Because of their detestable behavior the Canaanites had forfeited their right to the land. Israel must be careful to not follow in their detestable behavior lest it, too, forfeit its right to the land.
God called Israel to a completely different way of life, a life of ethical monotheism. Monotheism: there is only one god, not a multiplicity of gods. There is only one God to please, only one God to seek blessing from. You don’t have to sacrifice to a multiplicity of gods, trying to coerce them. This is why God repeatedly couches his instructions in the reminder, “I am the Lord your God.” Ethical: this one God cares how his people behave. He calls them to live transformed lives, different from both the lives of their past and those of their neighbors. Blessing would come not from trying to coerce the gods, but from living life the way God intended. If they did so, he would send the rain at the right time, would cause their crops to grow, would give them plenty. But if they behaved badly, he would cause the rains to dry up, the sky to turn to bronze, the crops to fail, and famine to fall on the land.
Similarly, as God’s people in Christ, we are called to leave behind the practices of our past and the practices of surrounding society, as we read in our Scripture reading:
Since, then, you have been raised with Christ, set your hearts on things above… Set your minds on things above, not on earthly things. For you died, and your life is now hidden with Christ in God… Put to death, therefore, whatever belongs to your earthly nature: sexual immorality, impurity, lust, evil desires and greed, which is idolatry… You used to walk in these ways, in the life you once lived. But now you must also rid yourselves of all such things as these: anger, rage, malice, slander, and filthy language from your lips… since you have taken off your old self with its practices and have put on the new self, which is being renewed in knowledge in the image of its Creator. (Col 3:1-10)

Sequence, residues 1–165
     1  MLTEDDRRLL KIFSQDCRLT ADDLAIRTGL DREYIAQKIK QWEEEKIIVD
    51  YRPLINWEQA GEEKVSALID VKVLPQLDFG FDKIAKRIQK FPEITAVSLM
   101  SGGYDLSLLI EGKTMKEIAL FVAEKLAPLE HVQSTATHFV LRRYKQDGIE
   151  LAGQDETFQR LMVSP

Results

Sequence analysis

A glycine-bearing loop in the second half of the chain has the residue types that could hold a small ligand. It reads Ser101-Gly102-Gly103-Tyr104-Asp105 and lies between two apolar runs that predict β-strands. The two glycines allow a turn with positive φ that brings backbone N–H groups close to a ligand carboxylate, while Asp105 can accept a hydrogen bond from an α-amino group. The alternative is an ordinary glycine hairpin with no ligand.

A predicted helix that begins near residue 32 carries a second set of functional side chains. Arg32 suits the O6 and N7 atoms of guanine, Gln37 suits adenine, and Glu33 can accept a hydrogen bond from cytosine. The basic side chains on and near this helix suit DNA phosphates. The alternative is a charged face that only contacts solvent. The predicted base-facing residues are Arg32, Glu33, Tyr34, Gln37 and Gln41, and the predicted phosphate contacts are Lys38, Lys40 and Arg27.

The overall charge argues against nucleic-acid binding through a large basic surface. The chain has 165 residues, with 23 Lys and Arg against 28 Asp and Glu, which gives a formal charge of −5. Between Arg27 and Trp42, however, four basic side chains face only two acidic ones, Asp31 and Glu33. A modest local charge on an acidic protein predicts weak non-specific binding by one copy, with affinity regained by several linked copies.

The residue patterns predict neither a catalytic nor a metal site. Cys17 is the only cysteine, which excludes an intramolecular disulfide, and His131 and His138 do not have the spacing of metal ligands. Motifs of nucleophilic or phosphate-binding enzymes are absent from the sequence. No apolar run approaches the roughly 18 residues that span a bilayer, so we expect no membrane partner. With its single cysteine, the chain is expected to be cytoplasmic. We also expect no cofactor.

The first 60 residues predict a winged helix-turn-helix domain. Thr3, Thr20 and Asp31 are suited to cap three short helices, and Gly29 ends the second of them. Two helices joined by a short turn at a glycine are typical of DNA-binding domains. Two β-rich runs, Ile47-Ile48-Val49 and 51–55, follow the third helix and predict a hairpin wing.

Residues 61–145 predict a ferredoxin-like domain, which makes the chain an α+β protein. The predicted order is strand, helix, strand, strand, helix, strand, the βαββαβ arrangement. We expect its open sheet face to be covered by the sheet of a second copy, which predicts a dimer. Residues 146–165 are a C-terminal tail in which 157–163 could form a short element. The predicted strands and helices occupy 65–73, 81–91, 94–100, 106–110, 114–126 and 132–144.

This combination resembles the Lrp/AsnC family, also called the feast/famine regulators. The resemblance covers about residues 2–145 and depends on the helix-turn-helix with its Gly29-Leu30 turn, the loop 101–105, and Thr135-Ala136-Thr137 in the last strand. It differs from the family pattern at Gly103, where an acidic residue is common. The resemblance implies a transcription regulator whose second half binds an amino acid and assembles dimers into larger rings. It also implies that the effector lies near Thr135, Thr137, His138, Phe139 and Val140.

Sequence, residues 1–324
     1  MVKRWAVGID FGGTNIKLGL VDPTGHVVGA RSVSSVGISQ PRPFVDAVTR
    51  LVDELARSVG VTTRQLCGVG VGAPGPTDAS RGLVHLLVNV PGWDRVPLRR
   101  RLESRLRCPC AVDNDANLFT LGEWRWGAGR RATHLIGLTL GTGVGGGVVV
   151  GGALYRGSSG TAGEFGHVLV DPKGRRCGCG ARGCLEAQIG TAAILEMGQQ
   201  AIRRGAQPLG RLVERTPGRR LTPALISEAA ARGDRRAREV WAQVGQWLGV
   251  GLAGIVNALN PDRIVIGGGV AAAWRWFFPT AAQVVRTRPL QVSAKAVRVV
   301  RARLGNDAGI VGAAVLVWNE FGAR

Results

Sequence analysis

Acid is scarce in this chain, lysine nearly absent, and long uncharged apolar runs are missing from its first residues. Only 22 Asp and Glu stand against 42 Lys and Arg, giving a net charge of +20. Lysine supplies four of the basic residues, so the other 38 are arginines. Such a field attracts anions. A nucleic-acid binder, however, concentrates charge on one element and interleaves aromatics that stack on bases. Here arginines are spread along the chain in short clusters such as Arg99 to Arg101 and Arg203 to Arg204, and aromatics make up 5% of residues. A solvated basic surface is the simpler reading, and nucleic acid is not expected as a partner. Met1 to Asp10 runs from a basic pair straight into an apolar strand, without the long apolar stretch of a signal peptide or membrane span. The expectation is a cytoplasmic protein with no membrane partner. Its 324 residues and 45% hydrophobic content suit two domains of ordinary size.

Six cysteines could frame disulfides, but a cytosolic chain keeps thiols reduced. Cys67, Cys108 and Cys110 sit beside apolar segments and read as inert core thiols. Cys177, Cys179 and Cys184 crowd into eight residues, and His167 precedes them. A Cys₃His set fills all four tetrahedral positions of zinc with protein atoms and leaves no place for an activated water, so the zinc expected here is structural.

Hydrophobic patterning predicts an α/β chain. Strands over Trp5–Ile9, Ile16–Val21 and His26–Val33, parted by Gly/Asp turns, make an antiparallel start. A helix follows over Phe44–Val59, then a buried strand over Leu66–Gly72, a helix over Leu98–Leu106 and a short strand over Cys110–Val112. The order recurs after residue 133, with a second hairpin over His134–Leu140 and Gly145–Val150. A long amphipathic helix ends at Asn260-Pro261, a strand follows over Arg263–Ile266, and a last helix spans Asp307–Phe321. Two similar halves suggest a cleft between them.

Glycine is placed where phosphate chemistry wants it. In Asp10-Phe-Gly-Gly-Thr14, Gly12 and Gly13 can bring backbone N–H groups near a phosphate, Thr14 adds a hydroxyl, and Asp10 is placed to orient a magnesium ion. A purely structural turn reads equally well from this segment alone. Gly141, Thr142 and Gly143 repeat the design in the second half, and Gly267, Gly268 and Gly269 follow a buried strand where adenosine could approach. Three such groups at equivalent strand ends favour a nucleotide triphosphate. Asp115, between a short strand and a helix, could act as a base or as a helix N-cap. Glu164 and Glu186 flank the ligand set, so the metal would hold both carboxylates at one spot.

We used to behave badly, but we are called to leave bad behavior behind. We are called to live a life of good behavior, not to earn favor with God, but because that’s what life looks like when renewed in knowledge in the image of our Creator. Sadly it seems that there are many Christians who don’t think it important how we behave, that being a Christian is simply about what we believe: do we believe in the virgin birth, in the resurrection? The New Testament repeatedly shows that our behavior matters. God has called us out of a life and an environment of bad behavior in order to live life well, to live life with a transformed character. He empowers us with his Spirit to enable us to do so.
This is why this little story about Ham was given to the Israelites. It was not to show them that Noah failed. It was to show them how detestable was the behavior of Ham, so that they avoid walking in the lifestyle of those descended from Ham. God redeemed Israel out of the midst of nations of detestable behavior in order to live life in a completely different manner. He has called us to live in the midst of an environment of people behaving badly, but to live life in a completely different way, and he wants the world to see that transformed behavior. He has redeemed us in Christ to live life differently, to live life well.
May God himself, the God of peace, sanctify you through and through. May your whole spirit, soul and body be kept blameless at the coming of our Lord Jesus Christ. The one who calls you is faithful, and he will do it. (1 Thess 5:23-24)
© 2011 Peninsula Bible Church Cupertino